Postpartum Anxiety

For the "must keep" tasks, make a daily to-do list so you aren't trying to keep track of everything in your head. Even if it is on sticky notes, this little bit of organization can keep headaches on the shelf where they belong.

Be Kind to Yourself

Putting yourself down only creates more stress and anxiety. It also sets you up on a never-ending and ugly downward spiral. Buy yourself some flowers, go for a special walk, take yourself out to lunch. Give yourself a compliment, and make sure it sticks!

Take a Hike or a Swim

Gentle aerobic exercise two or three times a week can lower your depression and boost your mood. According to Dr. Bennett, you'll feel better about yourself when you're doing something active to help yourself recover.

Foods that Help

Certain foods offer a helpful hand in increasing serotonin levels. Nibbling on protein-rich foods like meat, fish or eggs about every three hours helps keep your blood sugar even and boost serotonin levels. Some women find drinking whey protein shakes easier than trying to chew and swallow food.

Add in legumes and whole grains to your diet. Carbohydrates from these sources can raise your serotonin as well.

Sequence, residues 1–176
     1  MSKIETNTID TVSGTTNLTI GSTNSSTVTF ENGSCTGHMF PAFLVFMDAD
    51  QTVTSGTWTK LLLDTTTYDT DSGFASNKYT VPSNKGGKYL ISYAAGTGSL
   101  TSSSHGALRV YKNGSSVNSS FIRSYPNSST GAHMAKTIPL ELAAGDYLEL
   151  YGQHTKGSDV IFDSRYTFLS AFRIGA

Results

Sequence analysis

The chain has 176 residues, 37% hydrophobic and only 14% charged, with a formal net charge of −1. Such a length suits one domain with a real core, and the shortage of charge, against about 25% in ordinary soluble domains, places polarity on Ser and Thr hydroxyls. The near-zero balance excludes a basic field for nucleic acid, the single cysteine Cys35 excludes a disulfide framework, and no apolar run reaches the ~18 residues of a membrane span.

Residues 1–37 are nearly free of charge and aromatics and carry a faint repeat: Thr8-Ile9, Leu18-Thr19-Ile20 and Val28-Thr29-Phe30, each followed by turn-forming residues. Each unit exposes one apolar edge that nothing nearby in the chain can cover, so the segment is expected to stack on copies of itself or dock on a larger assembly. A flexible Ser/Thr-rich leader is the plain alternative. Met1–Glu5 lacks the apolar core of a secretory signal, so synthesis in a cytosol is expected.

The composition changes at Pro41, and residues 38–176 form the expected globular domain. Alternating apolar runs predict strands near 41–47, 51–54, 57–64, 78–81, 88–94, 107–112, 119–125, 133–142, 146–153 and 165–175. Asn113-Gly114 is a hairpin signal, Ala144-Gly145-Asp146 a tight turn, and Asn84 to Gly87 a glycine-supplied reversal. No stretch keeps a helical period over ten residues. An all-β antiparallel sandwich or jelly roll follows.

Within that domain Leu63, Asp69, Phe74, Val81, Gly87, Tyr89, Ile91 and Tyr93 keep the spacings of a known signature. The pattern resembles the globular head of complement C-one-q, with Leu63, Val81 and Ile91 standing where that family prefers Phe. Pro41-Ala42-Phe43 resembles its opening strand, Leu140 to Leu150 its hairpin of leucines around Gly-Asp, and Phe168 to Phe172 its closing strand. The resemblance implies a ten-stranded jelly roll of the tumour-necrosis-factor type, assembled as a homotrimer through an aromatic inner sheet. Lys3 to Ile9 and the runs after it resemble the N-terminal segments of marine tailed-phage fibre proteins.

Good fats help boost brain chemicals such as serotonin and dopamine. Your body can't make these on its own so you need to include them in your diet. Flax seed, hemp seeds, walnuts, cold water fish, and kidney beans are terrific sources of omega-3 for your body.

Filter What You Read Online

"What? Why would I want to do that," you ask yourself. It's no secret that we're bombarded with thousands of messages, positive and negative from all over the place. While we always want you to enjoy what we offer here on Pregnancy.org, it's important to keep positive.

"Information on the Web and in the news is often very negative. Negative information just doesn't help your worries. Web information isn't filtered so you're often anxious about misinformation, anyway," Dr. Bennett states.

Stick to websites that make you feel good (like us!).

Find Activities That Work for You

If an activity increases your level of anxiety, the logical thing to do is stop doing it. Trust your instincts. Your friends might swear by listening to meditation tapes or trying deep breathing exercises. If those types of activities frustrate you, then don't do them.

Whether you choose to walk around the block, read light fluff, fold laundry or even clean the dishes, find what helps calm you down or relax you.

Please Accept Help

Anxiety and other postpartum mood disorders tend to isolate women. Go ahead and lean on someone -- emotionally and physically. A wonderful therapist, good friend or an understanding support group can speed up your return to a "you" that you can recognize.

What's helped you or a friend overcome postpartum anxiety? Your tips could help change a person's life!

Copyright © Pregnancy.org.